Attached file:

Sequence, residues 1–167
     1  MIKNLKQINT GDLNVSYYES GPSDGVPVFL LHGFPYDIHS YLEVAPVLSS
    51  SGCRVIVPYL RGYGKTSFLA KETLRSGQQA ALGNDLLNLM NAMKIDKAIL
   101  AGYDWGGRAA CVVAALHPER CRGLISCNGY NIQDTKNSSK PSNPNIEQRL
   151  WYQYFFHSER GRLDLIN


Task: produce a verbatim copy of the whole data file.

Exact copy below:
Sequence, residues 1–167
     1  MIKNLKQINT GDLNVSYYES GPSDGVPVFL LHGFPYDIHS YLEVAPVLSS
    51  SGCRVIVPYL RGYGKTSFLA KETLRSGQQA ALGNDLLNLM NAMKIDKAIL
   101  AGYDWGGRAA CVVAALHPER CRGLISCNGY NIQDTKNSSK PSNPNIEQRL
   151  WYQYFFHSER GRLDLIN